Notes from a Conversation with Tim Nelson
Tim designed the EM189, along with several other versions. He's an intuitive engineer, which comes across in the design and function of the EM189, as well as conversation with him. He gave me a few interesting tidbits on the emulators.
First, on the EM-180 Z80 machine, he hijacked a few pins on the RS-232 connector. When connected to an amplifier via RC filters, the emulator was able to play music in four-part harmony. Somehow, I suspect that this never saw use outside of marketing.
On the EM189, he really likes the orthogonal nature of the 6809, along with its dual stack pointer and indirect addressing modes. These features are what took Applied Microsystems to use the 6809 in their 68000 emulator (ES-1800). Plus, of course, the EM189 could debug the ES-1800 code.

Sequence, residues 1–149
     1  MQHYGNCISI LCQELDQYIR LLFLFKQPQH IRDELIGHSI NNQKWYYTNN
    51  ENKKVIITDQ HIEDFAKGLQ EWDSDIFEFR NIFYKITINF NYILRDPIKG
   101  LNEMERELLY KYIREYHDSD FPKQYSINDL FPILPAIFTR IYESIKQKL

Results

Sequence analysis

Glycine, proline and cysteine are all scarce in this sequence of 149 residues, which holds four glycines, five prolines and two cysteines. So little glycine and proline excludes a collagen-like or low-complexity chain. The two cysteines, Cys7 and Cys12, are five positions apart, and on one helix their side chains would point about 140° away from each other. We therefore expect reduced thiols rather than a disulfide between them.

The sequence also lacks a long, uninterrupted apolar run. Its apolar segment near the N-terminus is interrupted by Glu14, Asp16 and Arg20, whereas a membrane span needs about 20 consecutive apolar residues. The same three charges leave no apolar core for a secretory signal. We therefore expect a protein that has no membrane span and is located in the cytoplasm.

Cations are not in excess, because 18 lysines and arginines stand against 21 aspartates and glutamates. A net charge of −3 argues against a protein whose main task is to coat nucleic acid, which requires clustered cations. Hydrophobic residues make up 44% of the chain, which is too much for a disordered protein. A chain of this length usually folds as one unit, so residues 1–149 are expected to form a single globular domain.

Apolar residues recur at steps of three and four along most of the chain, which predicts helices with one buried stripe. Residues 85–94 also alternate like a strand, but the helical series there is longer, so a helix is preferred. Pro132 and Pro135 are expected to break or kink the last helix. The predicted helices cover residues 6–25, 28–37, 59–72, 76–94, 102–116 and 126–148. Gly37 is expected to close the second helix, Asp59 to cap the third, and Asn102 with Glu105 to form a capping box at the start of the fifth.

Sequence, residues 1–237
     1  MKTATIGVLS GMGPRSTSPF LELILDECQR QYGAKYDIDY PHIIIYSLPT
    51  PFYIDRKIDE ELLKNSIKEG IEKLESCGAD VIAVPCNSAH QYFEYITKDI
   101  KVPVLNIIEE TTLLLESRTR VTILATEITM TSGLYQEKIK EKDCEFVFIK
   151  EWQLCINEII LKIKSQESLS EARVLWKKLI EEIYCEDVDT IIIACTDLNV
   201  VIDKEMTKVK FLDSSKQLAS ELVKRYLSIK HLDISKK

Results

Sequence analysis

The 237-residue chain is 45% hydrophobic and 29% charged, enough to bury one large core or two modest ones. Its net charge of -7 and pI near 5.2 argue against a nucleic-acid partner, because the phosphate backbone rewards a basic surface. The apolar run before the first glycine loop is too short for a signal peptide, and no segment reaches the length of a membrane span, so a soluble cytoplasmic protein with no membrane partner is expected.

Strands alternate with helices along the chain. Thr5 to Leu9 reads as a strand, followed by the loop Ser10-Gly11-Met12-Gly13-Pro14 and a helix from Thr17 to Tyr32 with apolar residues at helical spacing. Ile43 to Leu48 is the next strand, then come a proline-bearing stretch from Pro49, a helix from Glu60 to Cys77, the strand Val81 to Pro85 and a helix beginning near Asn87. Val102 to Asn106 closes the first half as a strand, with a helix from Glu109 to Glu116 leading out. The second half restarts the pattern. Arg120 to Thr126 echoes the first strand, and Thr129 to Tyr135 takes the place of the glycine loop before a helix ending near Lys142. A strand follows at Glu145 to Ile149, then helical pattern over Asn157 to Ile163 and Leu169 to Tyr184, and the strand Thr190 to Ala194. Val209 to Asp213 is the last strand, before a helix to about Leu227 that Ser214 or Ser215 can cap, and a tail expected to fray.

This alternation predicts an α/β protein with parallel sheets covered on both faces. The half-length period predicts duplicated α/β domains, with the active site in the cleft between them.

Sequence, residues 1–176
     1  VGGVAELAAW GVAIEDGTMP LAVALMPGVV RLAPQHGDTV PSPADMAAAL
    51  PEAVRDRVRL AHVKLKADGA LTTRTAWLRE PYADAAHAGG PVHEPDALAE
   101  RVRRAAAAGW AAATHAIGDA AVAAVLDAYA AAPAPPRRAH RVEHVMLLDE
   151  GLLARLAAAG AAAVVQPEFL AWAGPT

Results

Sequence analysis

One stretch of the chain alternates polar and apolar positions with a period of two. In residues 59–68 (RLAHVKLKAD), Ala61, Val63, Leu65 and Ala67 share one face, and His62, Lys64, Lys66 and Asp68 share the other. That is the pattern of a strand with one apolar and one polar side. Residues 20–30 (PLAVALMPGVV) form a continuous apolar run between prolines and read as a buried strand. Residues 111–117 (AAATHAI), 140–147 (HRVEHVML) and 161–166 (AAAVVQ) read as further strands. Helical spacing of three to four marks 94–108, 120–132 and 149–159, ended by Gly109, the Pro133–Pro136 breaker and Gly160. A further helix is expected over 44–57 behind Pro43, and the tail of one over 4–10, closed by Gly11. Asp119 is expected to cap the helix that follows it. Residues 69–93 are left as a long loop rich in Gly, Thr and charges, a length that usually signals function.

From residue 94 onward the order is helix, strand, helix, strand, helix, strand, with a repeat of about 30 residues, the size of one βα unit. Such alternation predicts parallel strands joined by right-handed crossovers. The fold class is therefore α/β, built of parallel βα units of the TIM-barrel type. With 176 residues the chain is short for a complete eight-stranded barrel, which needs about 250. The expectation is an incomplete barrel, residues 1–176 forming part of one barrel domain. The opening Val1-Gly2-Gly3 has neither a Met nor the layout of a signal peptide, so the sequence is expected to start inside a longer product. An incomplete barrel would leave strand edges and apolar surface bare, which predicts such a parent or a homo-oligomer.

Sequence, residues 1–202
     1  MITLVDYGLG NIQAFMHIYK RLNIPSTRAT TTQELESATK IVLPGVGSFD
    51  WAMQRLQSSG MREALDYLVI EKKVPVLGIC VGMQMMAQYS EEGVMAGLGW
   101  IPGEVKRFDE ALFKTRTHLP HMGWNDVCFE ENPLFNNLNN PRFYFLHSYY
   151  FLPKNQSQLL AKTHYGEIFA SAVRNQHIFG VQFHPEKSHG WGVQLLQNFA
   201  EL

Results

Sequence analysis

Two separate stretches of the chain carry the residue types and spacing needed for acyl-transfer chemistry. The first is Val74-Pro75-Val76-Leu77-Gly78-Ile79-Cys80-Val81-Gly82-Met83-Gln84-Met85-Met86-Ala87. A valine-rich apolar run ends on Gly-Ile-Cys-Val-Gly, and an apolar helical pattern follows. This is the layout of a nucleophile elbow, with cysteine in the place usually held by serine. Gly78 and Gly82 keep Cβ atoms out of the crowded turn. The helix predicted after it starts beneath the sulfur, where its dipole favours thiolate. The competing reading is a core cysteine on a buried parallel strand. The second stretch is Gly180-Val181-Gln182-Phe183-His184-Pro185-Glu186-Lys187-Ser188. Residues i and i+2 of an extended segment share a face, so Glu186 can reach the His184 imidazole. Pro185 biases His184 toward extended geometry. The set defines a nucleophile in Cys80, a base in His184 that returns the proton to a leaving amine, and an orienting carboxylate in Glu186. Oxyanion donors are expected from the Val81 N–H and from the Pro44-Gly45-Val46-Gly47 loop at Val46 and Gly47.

Much of the design was about managing the TLZ - twilight zone. This is the place between console and target operation, where bus and state integrity must be carefully preserved. The manual hints about this, but defers the reader to a presumably unpublished applications note.
In retrospect, he would have liked to use more grounds in the system, in particular between the keyboard board and the main board.
Tim claims packrat credentials, and may have some documentation on the unit. We chatted about code. Of course, 1983 is the data archival dark ages. The code was apparently written on a big old VAX, and archived off to magnetic tape. At this stage, printouts will be about all we can hope for.